Academic journal article Community College Enterprise

Technology Review: Simulation by Any Other Name

Academic journal article Community College Enterprise

Technology Review: Simulation by Any Other Name

Article excerpt

WHETHER it is called "gaming" "case studies," "scenario-based learning or any of perhaps a dozen other names, the use of simulation in teaching, training, and learning is continuing to expand.

Simulation has a long and storied history. Some experts point to military training as far back as the Roman Empire to find the prototypes for modern simulation, where various types of technology--from barrels with sticks protruding that were twirled to help train swordsmen, to virtual patients in hands-on medical simulators that used haptics to respond to trainees' interventions--are used to provide practice without real consequences.

In the twentieth century, simulators have been used extensively in the same tradition for aviation and marine pilots. Edwin Link patented the first flight simulator (dubbed "The Pilot Maker") in 1929, and his AN-T-18 Basic Instrument Trainer was standard equipment at every US and Allied Air Training school during WWII where it trained perhaps as many as 500,000 airmen (Ennis 1981).

The computer revolution has transformed simulations and expanded their use into areas where the cost of development formerly kept their use to "pencil and paper exercises." These areas, typically the social sciences and humanities, have begun to explore the use of simulated environments for a variety of purposes. The Virtual Harlem project harlem/), which recreates the experience of walking the streets of Harlem in the 1920s, is an excellent example, as is the Near Beer Game Simulation (http://forio. com/simulation/nearbeer-demo/ login.htm), where fledgling entrepreneurs watch ordering and process decisions in a brewery unfold over time.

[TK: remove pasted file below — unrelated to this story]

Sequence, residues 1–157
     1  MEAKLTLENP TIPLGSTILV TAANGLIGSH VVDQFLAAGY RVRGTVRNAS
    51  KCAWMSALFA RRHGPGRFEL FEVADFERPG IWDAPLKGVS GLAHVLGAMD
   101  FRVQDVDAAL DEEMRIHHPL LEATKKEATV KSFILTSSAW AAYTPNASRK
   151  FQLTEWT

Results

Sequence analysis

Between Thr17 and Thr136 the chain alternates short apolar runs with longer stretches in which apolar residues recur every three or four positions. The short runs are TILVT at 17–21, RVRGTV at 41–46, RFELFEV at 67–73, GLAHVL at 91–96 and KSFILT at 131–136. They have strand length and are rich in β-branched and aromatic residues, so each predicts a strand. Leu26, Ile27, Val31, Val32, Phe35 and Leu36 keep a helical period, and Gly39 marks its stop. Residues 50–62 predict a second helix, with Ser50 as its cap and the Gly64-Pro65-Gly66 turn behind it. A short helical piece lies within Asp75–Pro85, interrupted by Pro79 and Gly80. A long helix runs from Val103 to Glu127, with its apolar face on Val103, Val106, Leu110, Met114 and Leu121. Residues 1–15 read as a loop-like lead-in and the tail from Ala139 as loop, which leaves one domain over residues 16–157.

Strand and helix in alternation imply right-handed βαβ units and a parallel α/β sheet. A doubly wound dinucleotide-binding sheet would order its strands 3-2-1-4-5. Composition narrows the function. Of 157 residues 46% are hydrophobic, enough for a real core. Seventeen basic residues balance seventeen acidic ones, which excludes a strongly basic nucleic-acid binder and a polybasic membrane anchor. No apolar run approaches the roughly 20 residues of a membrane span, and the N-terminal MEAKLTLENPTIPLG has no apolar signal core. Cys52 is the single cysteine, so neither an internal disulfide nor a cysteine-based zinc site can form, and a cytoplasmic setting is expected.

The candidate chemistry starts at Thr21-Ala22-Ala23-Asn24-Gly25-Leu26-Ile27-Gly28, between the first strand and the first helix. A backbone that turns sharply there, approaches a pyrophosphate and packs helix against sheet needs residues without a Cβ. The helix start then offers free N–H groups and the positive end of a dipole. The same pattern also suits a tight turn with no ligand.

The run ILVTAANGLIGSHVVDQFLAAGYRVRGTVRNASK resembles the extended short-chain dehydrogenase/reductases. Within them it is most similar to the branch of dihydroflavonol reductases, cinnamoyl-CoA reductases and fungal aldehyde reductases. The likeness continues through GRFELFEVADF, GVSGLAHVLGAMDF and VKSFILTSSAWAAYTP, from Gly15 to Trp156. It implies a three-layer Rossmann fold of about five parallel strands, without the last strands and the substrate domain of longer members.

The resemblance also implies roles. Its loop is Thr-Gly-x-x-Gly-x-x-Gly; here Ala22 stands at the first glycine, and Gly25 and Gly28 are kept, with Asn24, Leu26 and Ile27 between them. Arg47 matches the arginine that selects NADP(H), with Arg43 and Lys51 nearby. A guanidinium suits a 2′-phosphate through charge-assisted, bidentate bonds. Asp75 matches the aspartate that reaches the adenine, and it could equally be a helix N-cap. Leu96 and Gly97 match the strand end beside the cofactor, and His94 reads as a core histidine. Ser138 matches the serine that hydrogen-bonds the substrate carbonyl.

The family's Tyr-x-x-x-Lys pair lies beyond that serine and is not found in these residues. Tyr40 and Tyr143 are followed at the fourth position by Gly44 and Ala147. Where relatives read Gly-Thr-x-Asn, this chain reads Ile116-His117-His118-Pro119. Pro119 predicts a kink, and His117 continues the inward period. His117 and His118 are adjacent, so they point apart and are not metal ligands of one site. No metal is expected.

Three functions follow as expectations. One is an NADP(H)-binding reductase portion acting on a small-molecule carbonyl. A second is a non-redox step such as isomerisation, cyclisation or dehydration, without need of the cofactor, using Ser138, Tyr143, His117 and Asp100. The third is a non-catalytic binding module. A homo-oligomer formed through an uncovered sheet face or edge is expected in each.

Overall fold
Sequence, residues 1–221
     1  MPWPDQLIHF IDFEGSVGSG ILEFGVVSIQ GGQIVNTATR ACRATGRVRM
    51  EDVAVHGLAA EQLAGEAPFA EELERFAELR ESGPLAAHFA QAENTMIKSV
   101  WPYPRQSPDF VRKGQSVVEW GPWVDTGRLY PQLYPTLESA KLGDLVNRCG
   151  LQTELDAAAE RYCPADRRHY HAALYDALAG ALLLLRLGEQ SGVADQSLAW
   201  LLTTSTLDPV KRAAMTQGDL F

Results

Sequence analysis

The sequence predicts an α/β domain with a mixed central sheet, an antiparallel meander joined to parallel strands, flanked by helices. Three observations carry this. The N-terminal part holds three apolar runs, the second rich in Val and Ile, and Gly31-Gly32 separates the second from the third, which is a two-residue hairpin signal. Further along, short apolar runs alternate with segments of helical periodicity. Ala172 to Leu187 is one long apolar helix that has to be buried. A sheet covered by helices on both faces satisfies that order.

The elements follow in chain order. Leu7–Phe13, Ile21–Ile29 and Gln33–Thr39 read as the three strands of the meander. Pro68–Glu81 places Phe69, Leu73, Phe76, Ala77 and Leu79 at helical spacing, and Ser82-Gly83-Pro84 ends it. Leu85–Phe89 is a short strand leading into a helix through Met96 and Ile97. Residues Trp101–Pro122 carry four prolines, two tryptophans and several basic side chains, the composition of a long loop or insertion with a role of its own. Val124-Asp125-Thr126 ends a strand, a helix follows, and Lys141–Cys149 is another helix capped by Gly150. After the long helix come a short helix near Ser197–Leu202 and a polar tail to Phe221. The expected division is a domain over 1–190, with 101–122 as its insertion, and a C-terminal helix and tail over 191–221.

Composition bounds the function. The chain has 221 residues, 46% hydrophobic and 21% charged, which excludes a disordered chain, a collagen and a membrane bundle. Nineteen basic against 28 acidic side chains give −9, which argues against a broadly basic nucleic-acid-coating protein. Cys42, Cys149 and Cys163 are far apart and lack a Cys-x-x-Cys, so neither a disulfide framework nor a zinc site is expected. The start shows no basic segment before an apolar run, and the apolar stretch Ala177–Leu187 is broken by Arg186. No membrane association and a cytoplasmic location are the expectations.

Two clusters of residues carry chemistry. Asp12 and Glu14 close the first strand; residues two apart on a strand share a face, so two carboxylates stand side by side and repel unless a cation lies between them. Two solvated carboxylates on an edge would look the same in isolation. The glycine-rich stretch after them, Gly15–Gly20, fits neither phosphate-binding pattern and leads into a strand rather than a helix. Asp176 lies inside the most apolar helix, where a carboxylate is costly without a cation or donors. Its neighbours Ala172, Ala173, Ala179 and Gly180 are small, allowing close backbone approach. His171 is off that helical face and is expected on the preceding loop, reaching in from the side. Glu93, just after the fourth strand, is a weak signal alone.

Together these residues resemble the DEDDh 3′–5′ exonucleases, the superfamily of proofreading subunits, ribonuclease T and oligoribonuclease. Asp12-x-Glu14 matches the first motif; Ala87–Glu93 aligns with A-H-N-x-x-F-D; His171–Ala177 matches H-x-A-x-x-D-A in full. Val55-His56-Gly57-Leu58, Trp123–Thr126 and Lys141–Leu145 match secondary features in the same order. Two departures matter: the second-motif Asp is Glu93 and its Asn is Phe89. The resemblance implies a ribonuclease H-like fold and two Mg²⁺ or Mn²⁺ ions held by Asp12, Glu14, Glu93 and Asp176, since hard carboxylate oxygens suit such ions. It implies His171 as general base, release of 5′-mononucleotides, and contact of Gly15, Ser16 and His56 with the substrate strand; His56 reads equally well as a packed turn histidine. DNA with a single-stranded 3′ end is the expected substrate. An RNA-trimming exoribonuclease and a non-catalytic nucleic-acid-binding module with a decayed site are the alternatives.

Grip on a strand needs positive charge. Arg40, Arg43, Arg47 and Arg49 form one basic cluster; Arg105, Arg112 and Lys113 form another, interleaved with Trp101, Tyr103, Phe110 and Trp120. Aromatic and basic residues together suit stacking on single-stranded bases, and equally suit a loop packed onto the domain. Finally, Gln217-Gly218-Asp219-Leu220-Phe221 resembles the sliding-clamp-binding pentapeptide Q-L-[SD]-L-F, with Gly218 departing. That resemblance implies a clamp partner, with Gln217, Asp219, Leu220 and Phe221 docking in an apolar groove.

While the latter does not offer the rich, multi-media environment of the former--which allows users to interact with famous Harlem Renaissance figures and experience the music, poetry, and painting of that era--the Near Beer Game Simulation offers business students the chance to test decisions and realize consequences, two key aspects of a simulation.

According to Michael Bean (2008), staff writer for Forio Corporation, designer and distributor of business simulations, simulations have three core characteristics. A simulation:

* imitates something real, but

* is not real itself, and

* can be altered by its users.

By this definition, not all games, pencil and paper activities, or role playing rise to the level of simulation. But it is clear that a variety of activities practiced in education can be viewed as simulations. Traditionally, the high cost of developing and implementing simulations has restricted their use. …

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